I workout five days in a week. When my all my paid work finishes at 4:30, I read for an hour after or take a walk around the area, make dinner at 5:30 or 6, take a one-hour nap, then have dinner at seven. After that, I allow myself to be drowned by asinine noise emanating from the TV, or if I could think of anything better to do, I write. At around ten when I get tired of thinking, reading, or working, I hop on to my ever dependable black trainers and walk to a nearby Gold’s and sweat it off until I’m sure I have enough. Although this part doesn’t come too easy as there are days when the call of sleep is much stronger than my desire to grow bulging biceps or massive pecs. At 11:30 or just before midnight, I retire to my bed contented with the delusion that my day is spent well.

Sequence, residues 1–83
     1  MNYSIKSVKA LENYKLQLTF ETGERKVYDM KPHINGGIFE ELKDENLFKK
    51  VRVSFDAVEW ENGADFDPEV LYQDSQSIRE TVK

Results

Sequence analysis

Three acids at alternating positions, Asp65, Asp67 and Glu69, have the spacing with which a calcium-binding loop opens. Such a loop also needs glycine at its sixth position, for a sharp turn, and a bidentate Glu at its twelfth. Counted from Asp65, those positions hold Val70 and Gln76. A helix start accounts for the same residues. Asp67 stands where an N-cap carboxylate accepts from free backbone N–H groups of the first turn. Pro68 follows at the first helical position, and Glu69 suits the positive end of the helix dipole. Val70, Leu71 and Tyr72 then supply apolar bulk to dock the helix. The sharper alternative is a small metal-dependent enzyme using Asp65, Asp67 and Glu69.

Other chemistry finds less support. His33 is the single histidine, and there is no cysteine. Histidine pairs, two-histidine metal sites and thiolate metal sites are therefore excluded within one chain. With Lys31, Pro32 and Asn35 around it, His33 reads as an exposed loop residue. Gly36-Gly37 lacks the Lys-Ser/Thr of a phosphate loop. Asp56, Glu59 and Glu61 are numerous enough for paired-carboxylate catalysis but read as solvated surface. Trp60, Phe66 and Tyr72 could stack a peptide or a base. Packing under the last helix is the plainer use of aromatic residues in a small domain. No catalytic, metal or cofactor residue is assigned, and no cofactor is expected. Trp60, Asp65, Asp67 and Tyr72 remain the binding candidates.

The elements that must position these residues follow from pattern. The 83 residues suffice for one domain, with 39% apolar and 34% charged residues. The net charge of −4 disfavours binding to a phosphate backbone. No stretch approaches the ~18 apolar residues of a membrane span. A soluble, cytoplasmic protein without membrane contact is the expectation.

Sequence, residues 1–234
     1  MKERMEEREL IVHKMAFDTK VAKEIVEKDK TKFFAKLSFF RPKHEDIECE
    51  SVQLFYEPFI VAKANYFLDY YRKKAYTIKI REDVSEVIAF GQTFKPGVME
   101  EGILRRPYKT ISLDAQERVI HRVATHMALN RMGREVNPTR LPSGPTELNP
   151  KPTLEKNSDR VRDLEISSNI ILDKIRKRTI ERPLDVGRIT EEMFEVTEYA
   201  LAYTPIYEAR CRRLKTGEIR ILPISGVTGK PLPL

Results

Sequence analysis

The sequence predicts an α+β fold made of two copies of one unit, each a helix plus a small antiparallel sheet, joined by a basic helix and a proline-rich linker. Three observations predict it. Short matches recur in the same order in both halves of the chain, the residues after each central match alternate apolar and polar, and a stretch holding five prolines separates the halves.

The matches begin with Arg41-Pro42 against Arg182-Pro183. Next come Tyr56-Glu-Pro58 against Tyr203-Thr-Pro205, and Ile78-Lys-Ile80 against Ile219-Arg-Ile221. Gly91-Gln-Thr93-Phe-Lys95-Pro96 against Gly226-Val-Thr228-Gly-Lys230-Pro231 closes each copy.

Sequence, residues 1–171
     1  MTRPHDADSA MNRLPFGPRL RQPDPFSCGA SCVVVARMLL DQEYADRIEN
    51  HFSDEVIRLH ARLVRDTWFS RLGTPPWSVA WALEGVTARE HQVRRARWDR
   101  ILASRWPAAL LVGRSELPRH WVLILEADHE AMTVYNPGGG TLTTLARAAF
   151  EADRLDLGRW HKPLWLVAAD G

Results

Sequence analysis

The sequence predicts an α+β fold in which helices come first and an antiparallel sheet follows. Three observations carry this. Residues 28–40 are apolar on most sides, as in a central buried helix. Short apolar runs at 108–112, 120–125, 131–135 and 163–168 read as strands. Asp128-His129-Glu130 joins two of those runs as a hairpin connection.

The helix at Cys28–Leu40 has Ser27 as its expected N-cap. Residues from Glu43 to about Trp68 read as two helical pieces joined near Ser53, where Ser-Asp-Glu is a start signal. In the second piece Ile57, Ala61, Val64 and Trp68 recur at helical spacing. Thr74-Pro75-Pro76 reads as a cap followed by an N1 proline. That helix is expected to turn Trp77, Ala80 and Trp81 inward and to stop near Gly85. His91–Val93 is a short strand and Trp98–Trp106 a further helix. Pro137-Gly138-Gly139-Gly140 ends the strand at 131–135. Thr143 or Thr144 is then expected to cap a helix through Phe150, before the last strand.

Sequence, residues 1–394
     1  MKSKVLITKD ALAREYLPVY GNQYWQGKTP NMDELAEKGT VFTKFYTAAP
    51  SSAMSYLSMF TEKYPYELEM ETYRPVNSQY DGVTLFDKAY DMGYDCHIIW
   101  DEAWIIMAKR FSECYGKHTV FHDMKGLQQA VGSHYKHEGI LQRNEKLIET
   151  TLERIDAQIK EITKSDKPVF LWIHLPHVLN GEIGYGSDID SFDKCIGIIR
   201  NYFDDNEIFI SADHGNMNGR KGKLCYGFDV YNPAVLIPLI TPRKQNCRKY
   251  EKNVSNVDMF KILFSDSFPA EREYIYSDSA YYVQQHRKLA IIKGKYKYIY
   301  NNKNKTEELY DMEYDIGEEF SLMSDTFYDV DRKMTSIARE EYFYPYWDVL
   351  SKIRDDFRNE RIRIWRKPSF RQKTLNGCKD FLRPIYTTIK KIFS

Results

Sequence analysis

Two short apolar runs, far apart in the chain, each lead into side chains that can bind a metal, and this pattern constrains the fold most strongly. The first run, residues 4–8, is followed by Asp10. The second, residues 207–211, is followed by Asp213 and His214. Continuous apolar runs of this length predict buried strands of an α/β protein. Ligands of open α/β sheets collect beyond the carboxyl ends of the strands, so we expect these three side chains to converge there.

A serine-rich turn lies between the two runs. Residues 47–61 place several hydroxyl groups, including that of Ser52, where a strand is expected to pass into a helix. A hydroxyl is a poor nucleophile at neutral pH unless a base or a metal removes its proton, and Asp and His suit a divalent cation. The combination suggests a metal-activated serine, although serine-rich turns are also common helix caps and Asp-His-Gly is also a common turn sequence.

A part of me tells me this is not all there is to life. That I must be a part of an entity bigger than myself. That I need to figure out the role of my piece in this giant puzzle. That having a mission will give meaning to my existence. Ho hum.
One of the many advantages of having a routine is that one always finds himself resorting to auto-pilot, freeing up the mind for more important cerebration. One issue, however, with routine is that its repeated rhythmic humming is so comforting that if one is not careful enough he will be left in a state of coma he might not recover from, or in the event he recovers, forever altering him, maybe even disabling some of his important functions.
And that I fear.
We all want to feel secure with the knowledge that the current state of things will not change any time soon, that what we are working on right now will remain relevant until we’re able to adjust to something new well enough.
Some will exhort, these are the more driven ones, to seize our moment in the sun. To chase the wind.
But what if my goal is paralysis, stasis, sedentariness, comfort?